This should be my 25th consecutive Thanksgiving weekend behind bars. Because it is not, I will be forever thankful for second chances.
Mine is a story, unfortunately, that remains all too common. In 1992, I was charged with conspiracy to distribute methamphetamine. When arrested, I was told that I faced a year in prison — maybe. Instead, I went to trial in federal court and wound up getting a mandatory minimum sentence of 27 years. I thought only killers and sexual predators received those kinds of sentences, not a first-time drug offender.
In fact, my judge looked me right in the eye and said, “I don’t want to do this.” The prosecutor stood up and said, “You’ve got to do this,” and the judge told him to sit down. He was mad. He said, “I know what I’ve got to do, but I don’t want to do it.”
That was amazing to me then, and it still is 25 years later. The judge knew all the facts of my case. He’d heard all the testimony for and against me. But he had no power to decide my sentence. Yes, I was guilty and deserved punishment. But I also deserved to be treated like an individual and receive a sentence that fit my crime.
Mandatory minimum sentences remove the court’s discretion to look at all of a case’s facts and circumstances. My judge, for example, could not consider the fact that I was an addict at the time of my offense, or that all my co-defendants received shorter sentences even though they were more involved in the drug business than I was.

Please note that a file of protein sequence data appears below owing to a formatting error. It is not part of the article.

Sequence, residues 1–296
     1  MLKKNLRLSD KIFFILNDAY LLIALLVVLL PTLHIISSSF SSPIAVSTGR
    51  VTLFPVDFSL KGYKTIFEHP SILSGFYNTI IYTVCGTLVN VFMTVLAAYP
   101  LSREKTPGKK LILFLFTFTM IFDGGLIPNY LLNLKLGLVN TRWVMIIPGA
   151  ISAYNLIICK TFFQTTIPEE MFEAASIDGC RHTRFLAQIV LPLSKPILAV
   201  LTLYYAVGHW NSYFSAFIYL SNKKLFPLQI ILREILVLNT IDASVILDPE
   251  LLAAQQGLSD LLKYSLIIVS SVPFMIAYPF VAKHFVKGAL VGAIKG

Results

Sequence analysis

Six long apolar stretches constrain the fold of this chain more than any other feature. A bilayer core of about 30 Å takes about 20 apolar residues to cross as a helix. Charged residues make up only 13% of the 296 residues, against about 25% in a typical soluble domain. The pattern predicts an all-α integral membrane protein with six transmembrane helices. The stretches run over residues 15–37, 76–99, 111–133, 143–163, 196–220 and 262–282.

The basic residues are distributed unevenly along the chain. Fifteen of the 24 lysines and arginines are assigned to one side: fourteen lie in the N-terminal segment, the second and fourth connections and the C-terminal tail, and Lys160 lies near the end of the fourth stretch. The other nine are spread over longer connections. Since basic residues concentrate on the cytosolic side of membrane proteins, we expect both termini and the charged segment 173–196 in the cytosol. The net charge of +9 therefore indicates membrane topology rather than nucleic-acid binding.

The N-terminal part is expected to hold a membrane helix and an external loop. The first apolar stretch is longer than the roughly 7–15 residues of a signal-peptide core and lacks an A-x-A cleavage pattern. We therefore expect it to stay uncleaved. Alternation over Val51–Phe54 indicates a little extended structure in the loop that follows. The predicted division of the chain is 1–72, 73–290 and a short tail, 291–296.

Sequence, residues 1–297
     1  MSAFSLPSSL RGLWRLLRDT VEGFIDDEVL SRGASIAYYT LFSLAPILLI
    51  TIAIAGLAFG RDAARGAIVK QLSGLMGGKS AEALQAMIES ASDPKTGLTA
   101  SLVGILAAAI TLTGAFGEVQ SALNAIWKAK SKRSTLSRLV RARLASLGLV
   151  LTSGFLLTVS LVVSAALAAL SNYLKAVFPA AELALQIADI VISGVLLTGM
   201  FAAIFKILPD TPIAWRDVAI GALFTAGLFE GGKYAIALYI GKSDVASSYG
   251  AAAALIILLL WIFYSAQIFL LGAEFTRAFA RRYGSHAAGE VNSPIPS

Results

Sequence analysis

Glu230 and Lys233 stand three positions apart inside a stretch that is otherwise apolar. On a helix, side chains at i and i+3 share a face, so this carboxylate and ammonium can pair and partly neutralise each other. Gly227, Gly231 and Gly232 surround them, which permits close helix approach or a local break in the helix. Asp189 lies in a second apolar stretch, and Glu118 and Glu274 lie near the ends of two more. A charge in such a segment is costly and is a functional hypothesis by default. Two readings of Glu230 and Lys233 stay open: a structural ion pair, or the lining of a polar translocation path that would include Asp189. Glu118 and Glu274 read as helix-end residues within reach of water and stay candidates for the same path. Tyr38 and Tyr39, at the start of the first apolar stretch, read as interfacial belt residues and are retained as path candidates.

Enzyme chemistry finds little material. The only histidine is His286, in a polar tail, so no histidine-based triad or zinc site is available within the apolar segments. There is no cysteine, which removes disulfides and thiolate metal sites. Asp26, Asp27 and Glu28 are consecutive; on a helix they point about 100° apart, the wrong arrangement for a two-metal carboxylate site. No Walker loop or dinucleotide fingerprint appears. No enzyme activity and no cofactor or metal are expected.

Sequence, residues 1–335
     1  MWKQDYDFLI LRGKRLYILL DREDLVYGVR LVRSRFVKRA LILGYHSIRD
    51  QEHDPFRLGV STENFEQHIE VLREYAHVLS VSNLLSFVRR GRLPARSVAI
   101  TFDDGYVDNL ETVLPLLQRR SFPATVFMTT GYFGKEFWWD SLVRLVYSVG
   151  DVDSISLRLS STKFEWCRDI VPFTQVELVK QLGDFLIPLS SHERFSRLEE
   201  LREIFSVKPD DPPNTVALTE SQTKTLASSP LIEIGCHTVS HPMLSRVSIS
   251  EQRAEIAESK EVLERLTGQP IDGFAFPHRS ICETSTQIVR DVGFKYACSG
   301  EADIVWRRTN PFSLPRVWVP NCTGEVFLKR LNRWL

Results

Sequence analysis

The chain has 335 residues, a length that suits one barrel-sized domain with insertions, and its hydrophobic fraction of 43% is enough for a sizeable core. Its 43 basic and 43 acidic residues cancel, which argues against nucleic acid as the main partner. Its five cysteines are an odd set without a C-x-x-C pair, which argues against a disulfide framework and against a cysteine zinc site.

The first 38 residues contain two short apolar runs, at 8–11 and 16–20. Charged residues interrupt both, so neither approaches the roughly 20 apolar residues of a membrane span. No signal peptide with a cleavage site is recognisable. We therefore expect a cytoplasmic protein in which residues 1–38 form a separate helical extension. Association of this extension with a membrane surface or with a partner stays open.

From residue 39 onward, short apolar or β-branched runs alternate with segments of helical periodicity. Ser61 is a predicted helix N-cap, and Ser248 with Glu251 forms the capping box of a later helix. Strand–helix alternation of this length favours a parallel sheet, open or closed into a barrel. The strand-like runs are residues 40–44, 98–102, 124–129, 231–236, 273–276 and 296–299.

In prison, I worked hard. I kicked my addictions, became a Christian, took an HVAC apprenticeship, and volunteered at a hospice for prisoners. And then a miracle happened.
In December 2006, President George W. Bush gave me the opportunity to prove I truly had changed my life. After serving 14 years in federal prison, my sentence was commuted to time served. The president took a chance on me. That second chance was life-changing.
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I have made the most of that second chance. Using job skills learned in prison, I found a solid job three weeks removed from prison. More than 10 years later, I’m still on the job and now am a supervisor.
Of course, justice should not depend on presidential miracles.
That is why I am thankful that more and more members of Congress are seeing the excesses of our justice system and staying committed to criminal justice reform. Recently, U.S. Sen. Chuck Grassley reintroduced a comprehensive and bipartisan sentencing and prison reform bill, the Sentencing Reform and Corrections Act. I hope he will continue to use his power in Congress to push his colleagues and the Trump administration to pass the kind of reforms that would have helped people like me.
This bipartisan approach understands sentencing and prison reform should be a package deal. Rehabilitative programs turn into little more than busy work if we keep people behind bars for longer than necessary. I missed 14 years of changes in technology and job markets. Imagine if I had learned my trade but had to wait another 13 years to use it! Time and change are two things that never stop when you are in prison. The best way to help people come home and succeed is not to keep them in prison too long in the first place.
The Grassley legislation takes the right approach of making sentences more reasonable and giving prisoners better job training, education, drug treatment, and other programs to prepare them for release.
Prison reform will not work without sentencing reform.
Fighting for sentencing reform in particular is tough, as some think mandatory minimums only apply to society’s worst criminals. On this Thanksgiving weekend, now my 11th since being released, I’m living proof they don’t.
• Phillip Emmert, a former federal prisoner, lives in Eastern Iowa and is an advocate for criminal justice reform. Comments: email@example.com